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Mets: Robinson Cano best and worst case scenarios for 2019

SEATTLE, WA - APRIL 19: Robinson Cano #22 of the Seattle Mariners runs to throw to Daniel Vogelbach #20 for the out on Evan Gattis #11 of the Houston Astros for a triple play in the fourth inning at Safeco Field on April 19, 2018 in Seattle, Washington. (Photo by Lindsey Wasson/Getty Images)
SEATTLE, WA - APRIL 19: Robinson Cano #22 of the Seattle Mariners runs to throw to Daniel Vogelbach #20 for the out on Evan Gattis #11 of the Houston Astros for a triple play in the fourth inning at Safeco Field on April 19, 2018 in Seattle, Washington. (Photo by Lindsey Wasson/Getty Images)
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SEATTLE, WA – SEPTEMBER 30: Robinson Cano #22 of the Seattle Mariners hugs a young fan after a game against the Texas Rangers at Safeco Field on September 30, 2018 in Seattle, Washington. The Mariners won the game 3-1. (Photo by Stephen Brashear/Getty Images)

A look at the best and worst case scenarios in 2019 for one of the newest New York Mets, Robinson Cano.

Months ago, nobody saw Robinson Cano leaving the Seattle Mariners. Even more surprising is the fact that he now plays for the New York Mets.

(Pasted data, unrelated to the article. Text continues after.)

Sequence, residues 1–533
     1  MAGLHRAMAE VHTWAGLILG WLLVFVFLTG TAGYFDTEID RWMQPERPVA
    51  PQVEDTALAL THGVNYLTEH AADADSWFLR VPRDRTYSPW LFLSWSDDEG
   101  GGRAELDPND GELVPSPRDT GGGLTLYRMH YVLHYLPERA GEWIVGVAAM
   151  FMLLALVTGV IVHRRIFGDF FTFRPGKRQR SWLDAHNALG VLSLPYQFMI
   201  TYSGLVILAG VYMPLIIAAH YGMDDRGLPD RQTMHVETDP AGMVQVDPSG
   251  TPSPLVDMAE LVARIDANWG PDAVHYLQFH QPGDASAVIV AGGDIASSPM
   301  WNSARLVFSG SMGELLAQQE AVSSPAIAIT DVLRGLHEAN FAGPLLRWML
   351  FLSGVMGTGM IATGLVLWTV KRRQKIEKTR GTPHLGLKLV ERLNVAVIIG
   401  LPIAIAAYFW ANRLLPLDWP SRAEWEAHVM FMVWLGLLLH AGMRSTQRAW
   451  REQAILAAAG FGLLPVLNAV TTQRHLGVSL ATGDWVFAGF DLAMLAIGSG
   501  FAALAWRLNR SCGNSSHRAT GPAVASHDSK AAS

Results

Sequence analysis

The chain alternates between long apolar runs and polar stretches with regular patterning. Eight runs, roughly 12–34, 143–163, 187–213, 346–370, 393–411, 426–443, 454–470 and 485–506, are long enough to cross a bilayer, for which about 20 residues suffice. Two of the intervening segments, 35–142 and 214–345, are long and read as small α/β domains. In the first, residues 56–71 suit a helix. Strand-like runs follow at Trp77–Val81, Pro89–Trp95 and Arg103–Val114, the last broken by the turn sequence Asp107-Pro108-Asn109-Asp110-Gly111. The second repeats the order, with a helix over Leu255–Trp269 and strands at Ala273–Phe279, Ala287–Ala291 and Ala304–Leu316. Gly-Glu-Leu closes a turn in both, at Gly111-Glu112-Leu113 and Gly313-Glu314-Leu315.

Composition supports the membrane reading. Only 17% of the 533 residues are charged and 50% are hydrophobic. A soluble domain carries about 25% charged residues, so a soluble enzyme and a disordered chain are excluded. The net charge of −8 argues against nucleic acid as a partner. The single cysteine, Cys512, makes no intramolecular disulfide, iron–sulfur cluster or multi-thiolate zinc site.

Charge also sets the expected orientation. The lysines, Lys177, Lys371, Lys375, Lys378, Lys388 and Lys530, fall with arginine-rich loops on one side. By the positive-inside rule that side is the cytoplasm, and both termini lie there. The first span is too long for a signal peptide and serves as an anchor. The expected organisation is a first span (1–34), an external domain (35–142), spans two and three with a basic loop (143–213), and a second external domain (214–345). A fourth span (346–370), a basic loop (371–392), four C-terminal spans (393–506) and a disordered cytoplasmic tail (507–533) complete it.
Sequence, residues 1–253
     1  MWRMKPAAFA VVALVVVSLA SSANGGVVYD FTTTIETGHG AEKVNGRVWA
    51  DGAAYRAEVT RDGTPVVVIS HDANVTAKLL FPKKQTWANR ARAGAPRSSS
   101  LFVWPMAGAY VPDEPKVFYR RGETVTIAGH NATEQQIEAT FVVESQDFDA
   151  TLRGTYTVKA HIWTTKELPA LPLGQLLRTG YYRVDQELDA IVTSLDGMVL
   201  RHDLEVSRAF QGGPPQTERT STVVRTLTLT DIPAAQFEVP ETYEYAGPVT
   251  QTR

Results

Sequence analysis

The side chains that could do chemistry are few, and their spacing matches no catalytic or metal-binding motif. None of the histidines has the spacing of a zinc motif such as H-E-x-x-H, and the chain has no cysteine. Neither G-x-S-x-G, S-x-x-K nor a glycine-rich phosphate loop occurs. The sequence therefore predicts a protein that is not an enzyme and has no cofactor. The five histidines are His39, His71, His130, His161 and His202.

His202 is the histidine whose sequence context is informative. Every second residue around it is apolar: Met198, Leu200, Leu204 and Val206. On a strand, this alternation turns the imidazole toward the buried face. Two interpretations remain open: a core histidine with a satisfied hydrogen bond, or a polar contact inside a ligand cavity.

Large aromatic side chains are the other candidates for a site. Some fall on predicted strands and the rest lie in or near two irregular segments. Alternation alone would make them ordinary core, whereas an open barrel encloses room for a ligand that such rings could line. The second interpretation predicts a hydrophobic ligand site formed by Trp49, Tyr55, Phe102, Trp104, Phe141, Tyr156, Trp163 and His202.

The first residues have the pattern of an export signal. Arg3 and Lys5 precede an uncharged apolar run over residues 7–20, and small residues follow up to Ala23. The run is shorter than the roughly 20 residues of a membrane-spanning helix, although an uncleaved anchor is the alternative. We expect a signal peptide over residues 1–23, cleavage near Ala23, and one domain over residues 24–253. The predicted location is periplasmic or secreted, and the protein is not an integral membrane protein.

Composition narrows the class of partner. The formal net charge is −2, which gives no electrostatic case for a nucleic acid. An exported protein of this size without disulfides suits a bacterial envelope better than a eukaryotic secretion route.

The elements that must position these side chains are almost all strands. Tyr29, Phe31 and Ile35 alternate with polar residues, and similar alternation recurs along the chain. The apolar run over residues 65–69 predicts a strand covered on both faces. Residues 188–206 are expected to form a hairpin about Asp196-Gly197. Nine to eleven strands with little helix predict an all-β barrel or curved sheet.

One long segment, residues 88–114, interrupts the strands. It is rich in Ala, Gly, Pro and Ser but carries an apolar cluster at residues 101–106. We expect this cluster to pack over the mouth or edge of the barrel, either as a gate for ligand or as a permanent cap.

Cano had one of those seemingly immovable contracts. Because they were able to dump salary for this upcoming season and clear space for 2020 as well, the Mets were happy to take on his contract. Of course, they also landed top closer Edwin Diaz in the same deal.

Cano’s return to New York is highly anticipated although some don’t expect much. He’s now in his mid-30s. After a PED suspension last year (for a masking agent) he’s on the naughty list for many fans.

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There is a chance we one day do see Cano land a spot in Cooperstown. His suspension and what may be a sharp decline ahead may ruin those chances. However, as we explore the best and worst case scenarios for Cano during his Mets days, we’ll get more into whether or not he finishes well or not.

This offseason’s addition of Cano is one of the more surprising moves any team made. The Mets looked prepared to begin the year with Jeff McNeil as the starting second baseman. Instead, he’ll slide into something resembling utility man. Everyone expects Cano and his $20+ million per year paycheck to start around 162 games.

Just because he’s on the field doesn’t mean the results will be favorable. Men at his age sometimes seem to lose their baseball abilities overnight.

Mets fans will have to hope he’s not one of them. Instead, they’ll need to cross their fingers for the best case scenario.

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